So what makes this card so good ? Not only the fact that it was a top of the range card in the summer of 2203 but exactly because it was aimed at this top of the range it comes with many features which make that this card still tackles all of today's 3D accelerated games with ease. It is only when very high screen resolutions and the image enhancing features of Full Screen Anti-aliasing (FSAA) and Anisotropic Filtering are put at their maximum value that the card starts showing its age and that it looses out to the current range op topcards (Radeon X800/X850 and Geforce 6800 GT/Ultra and the new Geforce 7800). Besides that the card still completely RIDICULES the 3D-performance of all on-board graphics solutions and even of today's entry-level cards with for Ati are the X300 range and for Nvidia the Geforce 6200 series. For AGP this 9800pro is now a midrange performer.
Cards with the 9800pro chipset are still sold by many manufacturers the likes of HIS, MSI, Powercolor or Sapphire. However its the noname or generic cards that will have reached the sweet spot of £70. However this price will only buy you the card, the power cable splitter and a drivers CD. In the more expensive (around £80-90 or more) offerings of the branded cards the card will come in a nice carton box, sometimes with a DVi to VGA adapter and maybe even with some full games. Branded cards are sometimes equipped with higher quality memory chips (giving better performance still) and/or a better finnish with a goodlooking radiator and cooler solution.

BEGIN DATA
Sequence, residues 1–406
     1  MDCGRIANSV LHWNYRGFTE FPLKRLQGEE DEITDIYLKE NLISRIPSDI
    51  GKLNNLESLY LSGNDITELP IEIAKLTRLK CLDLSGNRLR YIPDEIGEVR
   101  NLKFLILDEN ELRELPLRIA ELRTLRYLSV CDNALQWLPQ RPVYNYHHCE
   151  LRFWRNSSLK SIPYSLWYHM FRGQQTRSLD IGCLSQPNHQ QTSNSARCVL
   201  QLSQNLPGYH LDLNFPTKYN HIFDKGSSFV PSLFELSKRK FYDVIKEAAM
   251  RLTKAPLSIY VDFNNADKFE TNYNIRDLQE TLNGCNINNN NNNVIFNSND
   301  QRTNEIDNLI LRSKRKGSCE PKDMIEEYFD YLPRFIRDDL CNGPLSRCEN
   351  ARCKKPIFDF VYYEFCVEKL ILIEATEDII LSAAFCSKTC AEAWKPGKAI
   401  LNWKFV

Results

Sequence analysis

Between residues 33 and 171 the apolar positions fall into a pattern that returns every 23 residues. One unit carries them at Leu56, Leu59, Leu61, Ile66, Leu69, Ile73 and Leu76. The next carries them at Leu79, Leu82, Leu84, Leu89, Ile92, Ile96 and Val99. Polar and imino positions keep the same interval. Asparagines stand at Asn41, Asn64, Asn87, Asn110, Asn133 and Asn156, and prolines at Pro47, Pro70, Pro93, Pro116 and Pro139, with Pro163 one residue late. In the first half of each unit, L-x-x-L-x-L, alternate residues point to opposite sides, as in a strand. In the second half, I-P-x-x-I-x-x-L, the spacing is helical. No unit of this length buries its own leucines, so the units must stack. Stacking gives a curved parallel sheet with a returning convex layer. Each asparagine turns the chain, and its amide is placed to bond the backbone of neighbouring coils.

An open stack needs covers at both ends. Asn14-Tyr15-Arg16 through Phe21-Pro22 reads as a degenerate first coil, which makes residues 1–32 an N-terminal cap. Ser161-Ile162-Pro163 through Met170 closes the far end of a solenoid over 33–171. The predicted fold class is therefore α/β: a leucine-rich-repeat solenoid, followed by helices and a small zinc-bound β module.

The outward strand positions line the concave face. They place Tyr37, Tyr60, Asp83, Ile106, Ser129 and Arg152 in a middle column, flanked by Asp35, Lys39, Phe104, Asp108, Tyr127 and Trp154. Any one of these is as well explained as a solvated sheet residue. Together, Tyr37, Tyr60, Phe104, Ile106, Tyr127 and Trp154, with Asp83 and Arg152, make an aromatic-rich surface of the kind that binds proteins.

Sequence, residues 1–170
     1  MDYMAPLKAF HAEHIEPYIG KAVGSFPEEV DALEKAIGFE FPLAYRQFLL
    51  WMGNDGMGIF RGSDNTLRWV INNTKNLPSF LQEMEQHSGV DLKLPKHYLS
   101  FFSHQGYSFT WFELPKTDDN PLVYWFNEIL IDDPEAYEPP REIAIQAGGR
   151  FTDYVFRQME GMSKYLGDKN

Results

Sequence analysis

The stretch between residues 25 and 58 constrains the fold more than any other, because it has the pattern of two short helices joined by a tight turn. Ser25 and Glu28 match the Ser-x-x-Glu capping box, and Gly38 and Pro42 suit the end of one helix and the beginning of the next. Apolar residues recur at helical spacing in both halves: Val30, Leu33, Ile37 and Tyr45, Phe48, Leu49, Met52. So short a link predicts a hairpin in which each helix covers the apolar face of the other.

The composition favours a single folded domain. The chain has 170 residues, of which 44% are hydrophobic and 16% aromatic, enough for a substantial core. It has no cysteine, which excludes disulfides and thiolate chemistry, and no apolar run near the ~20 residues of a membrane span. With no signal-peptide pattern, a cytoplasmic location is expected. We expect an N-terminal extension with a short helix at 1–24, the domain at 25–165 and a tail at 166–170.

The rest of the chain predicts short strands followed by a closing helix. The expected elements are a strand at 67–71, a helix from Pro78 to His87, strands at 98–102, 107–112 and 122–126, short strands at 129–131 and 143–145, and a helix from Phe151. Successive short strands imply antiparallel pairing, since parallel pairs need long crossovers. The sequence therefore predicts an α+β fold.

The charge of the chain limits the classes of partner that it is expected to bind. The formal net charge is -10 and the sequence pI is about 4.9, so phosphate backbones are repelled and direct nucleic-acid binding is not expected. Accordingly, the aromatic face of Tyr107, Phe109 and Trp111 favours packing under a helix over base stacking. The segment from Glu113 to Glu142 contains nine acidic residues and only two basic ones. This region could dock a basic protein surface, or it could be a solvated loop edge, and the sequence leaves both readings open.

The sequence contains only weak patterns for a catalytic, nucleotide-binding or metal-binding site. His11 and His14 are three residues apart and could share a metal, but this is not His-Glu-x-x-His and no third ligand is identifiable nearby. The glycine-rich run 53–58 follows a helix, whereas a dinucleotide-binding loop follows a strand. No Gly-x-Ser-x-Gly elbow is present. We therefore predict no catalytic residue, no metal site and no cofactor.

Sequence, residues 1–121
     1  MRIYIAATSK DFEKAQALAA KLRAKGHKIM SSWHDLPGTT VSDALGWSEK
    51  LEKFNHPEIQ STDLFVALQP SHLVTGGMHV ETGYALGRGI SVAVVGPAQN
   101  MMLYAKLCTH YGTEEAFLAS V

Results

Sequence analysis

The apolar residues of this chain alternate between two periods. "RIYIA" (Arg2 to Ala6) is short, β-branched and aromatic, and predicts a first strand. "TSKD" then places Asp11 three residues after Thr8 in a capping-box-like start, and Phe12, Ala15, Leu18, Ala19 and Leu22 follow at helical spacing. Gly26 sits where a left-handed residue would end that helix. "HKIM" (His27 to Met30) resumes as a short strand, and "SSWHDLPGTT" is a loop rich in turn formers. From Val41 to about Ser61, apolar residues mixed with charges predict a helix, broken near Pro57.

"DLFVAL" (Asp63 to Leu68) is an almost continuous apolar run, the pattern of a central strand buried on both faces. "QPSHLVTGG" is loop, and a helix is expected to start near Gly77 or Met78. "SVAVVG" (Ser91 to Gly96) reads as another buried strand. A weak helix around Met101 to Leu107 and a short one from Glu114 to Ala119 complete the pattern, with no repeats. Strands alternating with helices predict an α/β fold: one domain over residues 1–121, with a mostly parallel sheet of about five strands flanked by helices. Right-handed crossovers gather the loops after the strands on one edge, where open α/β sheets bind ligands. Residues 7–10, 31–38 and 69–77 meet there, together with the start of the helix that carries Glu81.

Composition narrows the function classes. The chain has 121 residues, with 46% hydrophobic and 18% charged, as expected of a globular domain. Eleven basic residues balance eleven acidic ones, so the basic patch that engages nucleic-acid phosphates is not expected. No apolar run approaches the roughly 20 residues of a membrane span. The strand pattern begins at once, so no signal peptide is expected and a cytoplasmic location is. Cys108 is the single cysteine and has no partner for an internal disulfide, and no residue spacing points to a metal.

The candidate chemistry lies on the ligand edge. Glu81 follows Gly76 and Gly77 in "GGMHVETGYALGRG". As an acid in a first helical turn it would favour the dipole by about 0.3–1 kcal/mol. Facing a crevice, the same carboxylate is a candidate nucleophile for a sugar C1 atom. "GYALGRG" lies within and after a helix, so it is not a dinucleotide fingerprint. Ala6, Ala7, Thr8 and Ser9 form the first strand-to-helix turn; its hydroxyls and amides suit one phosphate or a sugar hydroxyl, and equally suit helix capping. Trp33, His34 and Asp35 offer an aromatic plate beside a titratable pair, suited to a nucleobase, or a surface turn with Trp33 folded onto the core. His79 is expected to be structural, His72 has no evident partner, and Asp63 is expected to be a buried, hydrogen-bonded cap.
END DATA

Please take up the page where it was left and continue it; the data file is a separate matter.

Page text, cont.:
My card is one of the generic type, so I got it with only the splitter cable and a drivers CD. I've tested it with various games like Brothers in Arms (2005), Halflife2 (2004) FarCry (2004), Max Payne 2 (2003), etc. and performance is excellent, allowing, for the older games to push all the
image enhancing techniques of FSAA etc to the max with a resolution of 1024x782.
Make sure that when you've purchased the card to go anbd visit Ati's website to download the latest driver for your operating system. Ati and Nvidia now work for unified drivers that cover the whole of the range of their Radeon and Geforce cards respectively.
So if you are into 3D accelerated games and you come to stumble on one of these in a shop (be it on-line or not) for a price of around £ 70 and you want to give your current PC system a real boost don't hesitate for a second. Because for £70 (or a bit over) the card offers the best price/performance ratio available today. Don't forget that it will only fit in now ageing motherboards still having the brown AGP-slot.
I personally own the Readon 9800 Pro (Saphire) card and to put it mildly i'm very happy with it. Decided to buy this card after my Gefore 3 Ti 200 was starting to get a bit dated. Did the usually good things when buying a card looked round the net to see what people recommend. One thing immeditely jumps up at you - this card is highly recommended by the Hlaf-Life 2 creators Valve (and they weren't just bribed by ATI either). If you compare this card to the only other rival the Geforce 4 series you notice they apear pretty much matched with similar draw rates however quite noticably the Geforce 4 doesn't correctly support DirectX 9 so when you play games like Half-Life a lot of the finishing touches to the graphics just aren't there - this is the reason Valve like the card. You can however go to the series of cards above and get a Geforce 5 which they fixed the DirectX problems on but as the price is rather a step up i really wouldn't want to.
As with all computer bits this card is starting to get dated and has been super seaded by a new ATI series which is even faster . . . but this card is still the one to buy and i believe it will be for a few more months.
On the down side this card (as with many of the top end ones) requires its own power connector as its sucks a lot of juice. Finally this series of cards has the extra bonus of being able to have 2 screens out on the same card which is always a laugh even if i bit useless.